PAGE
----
"This is a wild life, isn't it," Jerry Brinson (Jake Gyllenhaal) tells Joe (Ed Oxenbould), his teenage son. The family has just moved to Great Falls, Montana, and Joe doesn't feel like he fits in at school. He wants to quit the football team and, although he is a good listener, he has only made one friend. She tells him not to worry about the smoke coming into their valley from fires in the mountains because if the swiftly burning blazes reach town, they won't be able to escape them anyway.
Joe senses that destructive and horrific forces beyond the fires may destroy his family. It begins when his sociable dad is fired from his job as a golf pro at a country club. His high-strung mother, Jeanette (Carey Mulligan) is taken-aback when Jerry moves very slowly looking for another job. When the country club offers him his job back, he stubbornly refuses, saying "I won't work for people like that." Jeanette does not share Jerry's idealism. When he decides to go fight the fires in the mountains, for only one dollar an hour pay, she asks, "What kind of man leaves his wife and child in such a lonely place?" But Jerry is looking for adventure and meaning for his life.
Puzzled and angry, Jeanette tries to figure out how to make ends meet. She likes her job as a swimming instructor at the YMCA but decides she needs a better position. Meanwhile, Joe finds relief from his loneliness helping out after school at a photography studio.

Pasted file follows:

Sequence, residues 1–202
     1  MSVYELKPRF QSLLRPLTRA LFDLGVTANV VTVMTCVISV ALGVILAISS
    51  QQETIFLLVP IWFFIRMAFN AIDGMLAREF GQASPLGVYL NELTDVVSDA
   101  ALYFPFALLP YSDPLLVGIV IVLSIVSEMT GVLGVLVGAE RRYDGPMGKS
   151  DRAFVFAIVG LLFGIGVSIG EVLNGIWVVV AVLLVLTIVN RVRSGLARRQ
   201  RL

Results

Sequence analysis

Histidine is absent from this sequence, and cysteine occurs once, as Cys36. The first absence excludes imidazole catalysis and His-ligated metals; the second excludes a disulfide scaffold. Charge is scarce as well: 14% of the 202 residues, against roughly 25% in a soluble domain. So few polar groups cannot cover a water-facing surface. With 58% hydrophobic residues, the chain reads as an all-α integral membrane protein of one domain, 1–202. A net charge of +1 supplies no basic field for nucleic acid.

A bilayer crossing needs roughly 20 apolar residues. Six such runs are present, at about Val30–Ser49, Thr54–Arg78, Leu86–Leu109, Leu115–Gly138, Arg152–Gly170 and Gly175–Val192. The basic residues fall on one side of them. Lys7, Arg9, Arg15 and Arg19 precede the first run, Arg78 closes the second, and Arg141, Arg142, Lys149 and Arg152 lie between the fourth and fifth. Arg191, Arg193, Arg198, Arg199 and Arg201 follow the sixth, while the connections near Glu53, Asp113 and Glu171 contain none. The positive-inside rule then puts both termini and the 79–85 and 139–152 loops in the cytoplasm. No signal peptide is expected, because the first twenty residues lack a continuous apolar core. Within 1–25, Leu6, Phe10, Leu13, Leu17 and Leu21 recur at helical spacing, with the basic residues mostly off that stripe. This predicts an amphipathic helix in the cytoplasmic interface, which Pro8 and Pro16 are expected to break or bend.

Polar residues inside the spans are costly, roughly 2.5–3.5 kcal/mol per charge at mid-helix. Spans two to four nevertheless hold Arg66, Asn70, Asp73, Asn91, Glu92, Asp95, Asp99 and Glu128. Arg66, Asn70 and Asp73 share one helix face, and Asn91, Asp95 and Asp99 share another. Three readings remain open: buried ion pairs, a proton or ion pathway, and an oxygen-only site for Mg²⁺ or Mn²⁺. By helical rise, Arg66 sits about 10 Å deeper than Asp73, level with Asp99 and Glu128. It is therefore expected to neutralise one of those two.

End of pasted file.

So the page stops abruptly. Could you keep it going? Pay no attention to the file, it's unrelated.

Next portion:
Wildfire is based on Richard Ford's fourth novel written in 1990. It is at once a coming-of-age story and a domestic drama about a marriage under siege. The gifted actor Paul Dano has written the emotionally literate screenplay with Zoe Kazan. In his debut as director, Dano makes the most of the slow movements of life in a small Montana town, finding beauty and terror in the simple settings. His camera tracks a full range of emotions as Jerry and Jeanette express feelings of anger, betrayal, and loss in a series of verbal fights which have a passion of their own.
A restlessness is at play in this family's life, like the roaring fire so close to town. Jeanette gives herself up to a troubling and self-destructive fling with Warren Miller (Bill Camp), a wealthy and amoral older man. She's clearly searching for something, but just what she needs is unclear to her and her observant son.
Both Dano, the filmmaker, and Ford, the novelist, have crafted an impressive drama reminding us that everything we experience is subject to change -- the physical world is vanishing moment by moment and our emotions flicker on and off in constant transformation. Or as Tenzin Tethong reminds us in Impermanence: Embracing Change:
"Impermanence is an idea which Tibetans use as an effective tool to find a balance between the highs and lows we experience in life. . . . Whenever there are disappointments — an unfulfilled wish, a broken promise, an expectation gone wrong — impermanence reminds us that while they cannot be undone, they are not permanent, and that their intensity diminishes with the passage of time. . . .
"Simply taught, impermanence reminds us that everything we experience is subject to change, both positive and negative and that this realization can temper our emotions and help us find greater stability and peace in ourselves."